Most people have a general idea about and how diamonds and how they are made are. After all, as the most popular gemstone on the planet, their appearance and value are common knowledge. Those who have purchased diamond jewelry, especially engagement rings, are also quite acquainted with its 4 Cs: cut, color, clarity, and carat. However, despite its popularity, much of the information about this precious gemstone is often misunderstood.
So, if you think you know everything about diamonds, read on for some fascinating new insights into the world of the diamond!
Today, we’re going to debunk some of the most common diamond myths.
Myth #1: All Diamonds are from Natural Resources
Not all diamonds are natural! Lab-made diamonds aren’t synthetic diamonds but are very real.
The fact is that diamonds are not made of coal. Natural diamonds undergo a system of exceptionally higher pressures and temperatures from coal which are only found deep inside the earth’s mantle). Coal is found much higher up.
The issue of finding diamonds is rectified by having them created in a lab. Many companies started making diamonds by creating a high-temperature and high-pressure lab environment. This practice goes back to the 1950s. These labs mimic the conditions of the earth’s mantle, where natural diamond deposits are present, to create similar human-made gems.
Today, almost 800 tons of man-made diamonds are produced yearly, which is about 150 times more than natural diamonds.
Myth #2: Diamonds are the Most Valuable Gemstone
A common misconception is that diamonds are the priciest, most valuable gems on the planet. While it’s true that they are one of the four most precious minerals that command high prices, it isn’t possible to judge specific gem species as the most valuable. There are various factors that come into play to evaluate their value, including its size, quality, color, and rarity. For example, pure red rubies are one of the rarest stones, and so they command much higher prices than diamonds.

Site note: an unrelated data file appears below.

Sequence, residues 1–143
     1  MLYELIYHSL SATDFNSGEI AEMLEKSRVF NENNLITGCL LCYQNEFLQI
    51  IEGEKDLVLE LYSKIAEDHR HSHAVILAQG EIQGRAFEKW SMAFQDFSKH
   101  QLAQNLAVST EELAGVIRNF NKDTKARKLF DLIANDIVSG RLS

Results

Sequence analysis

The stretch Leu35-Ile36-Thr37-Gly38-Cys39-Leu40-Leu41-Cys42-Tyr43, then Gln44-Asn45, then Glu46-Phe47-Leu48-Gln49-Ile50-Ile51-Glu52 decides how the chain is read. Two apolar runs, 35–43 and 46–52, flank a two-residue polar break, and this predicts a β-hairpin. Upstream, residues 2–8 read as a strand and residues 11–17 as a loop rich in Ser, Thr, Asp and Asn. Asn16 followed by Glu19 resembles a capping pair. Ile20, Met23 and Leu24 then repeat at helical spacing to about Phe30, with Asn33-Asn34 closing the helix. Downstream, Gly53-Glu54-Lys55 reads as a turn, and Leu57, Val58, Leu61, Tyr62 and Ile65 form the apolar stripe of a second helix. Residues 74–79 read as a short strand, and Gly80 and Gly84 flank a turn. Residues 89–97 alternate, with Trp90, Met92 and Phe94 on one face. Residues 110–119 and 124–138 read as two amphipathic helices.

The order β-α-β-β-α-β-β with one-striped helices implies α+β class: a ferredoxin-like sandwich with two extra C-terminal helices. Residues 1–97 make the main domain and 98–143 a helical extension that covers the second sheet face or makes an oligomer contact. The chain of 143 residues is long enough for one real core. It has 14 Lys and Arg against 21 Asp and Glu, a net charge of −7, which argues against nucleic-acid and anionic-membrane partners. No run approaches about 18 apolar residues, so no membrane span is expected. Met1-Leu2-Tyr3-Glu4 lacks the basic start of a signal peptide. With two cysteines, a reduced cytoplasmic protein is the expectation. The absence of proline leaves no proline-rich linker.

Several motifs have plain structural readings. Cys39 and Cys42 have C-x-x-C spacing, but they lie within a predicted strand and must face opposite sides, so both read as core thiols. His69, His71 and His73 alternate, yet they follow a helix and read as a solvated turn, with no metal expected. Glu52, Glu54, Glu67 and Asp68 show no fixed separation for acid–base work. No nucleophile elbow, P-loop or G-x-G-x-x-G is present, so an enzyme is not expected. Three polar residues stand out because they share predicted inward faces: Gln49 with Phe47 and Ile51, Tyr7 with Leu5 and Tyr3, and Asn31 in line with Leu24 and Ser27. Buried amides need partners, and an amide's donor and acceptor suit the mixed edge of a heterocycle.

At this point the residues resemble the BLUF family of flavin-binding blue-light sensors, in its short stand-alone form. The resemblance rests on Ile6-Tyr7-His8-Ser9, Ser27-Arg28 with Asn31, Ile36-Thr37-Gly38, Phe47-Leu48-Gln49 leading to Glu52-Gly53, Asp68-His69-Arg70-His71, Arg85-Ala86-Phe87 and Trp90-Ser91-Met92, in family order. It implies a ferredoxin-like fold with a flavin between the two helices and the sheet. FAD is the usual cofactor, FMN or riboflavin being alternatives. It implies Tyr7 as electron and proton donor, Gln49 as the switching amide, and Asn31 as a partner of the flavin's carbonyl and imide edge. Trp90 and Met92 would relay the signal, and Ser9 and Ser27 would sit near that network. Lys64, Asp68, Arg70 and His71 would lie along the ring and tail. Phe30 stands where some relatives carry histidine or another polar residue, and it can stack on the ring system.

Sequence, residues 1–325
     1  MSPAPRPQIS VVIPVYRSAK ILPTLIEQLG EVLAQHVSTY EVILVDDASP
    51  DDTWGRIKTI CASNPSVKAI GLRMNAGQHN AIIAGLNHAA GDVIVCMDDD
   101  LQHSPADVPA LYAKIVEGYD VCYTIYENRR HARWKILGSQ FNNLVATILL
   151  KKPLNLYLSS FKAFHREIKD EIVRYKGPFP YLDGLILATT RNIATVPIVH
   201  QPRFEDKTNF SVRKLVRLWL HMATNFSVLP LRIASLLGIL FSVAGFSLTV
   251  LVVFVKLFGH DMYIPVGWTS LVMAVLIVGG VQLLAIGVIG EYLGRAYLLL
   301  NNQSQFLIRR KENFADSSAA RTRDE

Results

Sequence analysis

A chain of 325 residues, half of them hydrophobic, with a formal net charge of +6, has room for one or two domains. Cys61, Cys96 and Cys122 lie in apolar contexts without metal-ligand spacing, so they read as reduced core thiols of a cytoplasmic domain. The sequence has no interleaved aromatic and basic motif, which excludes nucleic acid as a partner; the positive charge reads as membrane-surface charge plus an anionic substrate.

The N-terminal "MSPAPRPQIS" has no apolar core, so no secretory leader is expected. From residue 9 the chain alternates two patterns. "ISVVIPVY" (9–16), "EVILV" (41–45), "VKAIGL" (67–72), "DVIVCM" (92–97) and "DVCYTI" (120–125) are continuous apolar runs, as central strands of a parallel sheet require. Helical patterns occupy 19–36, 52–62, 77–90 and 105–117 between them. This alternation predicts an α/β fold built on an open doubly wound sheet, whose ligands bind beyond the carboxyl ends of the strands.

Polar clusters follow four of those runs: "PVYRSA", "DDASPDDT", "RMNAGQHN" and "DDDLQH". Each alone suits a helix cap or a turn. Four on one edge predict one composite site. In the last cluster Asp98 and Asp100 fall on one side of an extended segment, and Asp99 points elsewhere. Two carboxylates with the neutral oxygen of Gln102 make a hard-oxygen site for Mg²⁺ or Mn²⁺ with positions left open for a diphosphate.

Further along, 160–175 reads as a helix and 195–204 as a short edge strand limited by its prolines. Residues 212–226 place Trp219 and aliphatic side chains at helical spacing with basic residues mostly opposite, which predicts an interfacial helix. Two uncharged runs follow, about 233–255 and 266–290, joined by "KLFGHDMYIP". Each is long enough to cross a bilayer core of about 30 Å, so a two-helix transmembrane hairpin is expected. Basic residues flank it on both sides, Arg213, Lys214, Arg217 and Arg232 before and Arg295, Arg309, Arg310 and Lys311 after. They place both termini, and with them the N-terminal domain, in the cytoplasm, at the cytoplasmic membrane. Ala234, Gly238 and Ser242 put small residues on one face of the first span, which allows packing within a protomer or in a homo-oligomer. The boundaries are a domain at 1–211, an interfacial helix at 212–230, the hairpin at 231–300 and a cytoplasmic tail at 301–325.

Myth #3: The Bigger, the Better!
Carats are a unit measure of the weight of a diamond, not its size. A diamond’s size is as your eye sees it, which is largely impacted by the depth of the table-to-pavilion ratioand cut proportions. More importantly, a diamond’s perceived size is impacted by its light performance, which means that the better a diamond catches and reflects light (called fire), the bigger and more attractive it will be perceived to look.
Besides this, compromising on other factors just to buy a huge diamond isn’t going to get you the appearance you’re looking for. The large size of a diamond cannot compensate for its visible inclusions, distorted proportions, and/or poor light performance. So, although size does matter, so does the cut, clarity, color, and rarity of a crystal. Always remember that a huge diamond won’t be more valuable if it has poor clarity and color.
Interesting Note:The speed of light is 186,000 miles per second but it is slowed down when it hits a diamond (or glass) and the more it hits the diamond on an angle, the more it will reflect the light. So the more angels the diamond has, the more light that will be reflected back. This is where the cut of a diamond determines the amount of brilliance and fire the gemstone has. ‘Cut’ is one of the 4Cs that determine a diamond’s value. So the next time you hear how much fire does a diamond have?, you’ll know they are talking about how well the diamond cuts are!
Myth #4: Diamonds Are Indestructible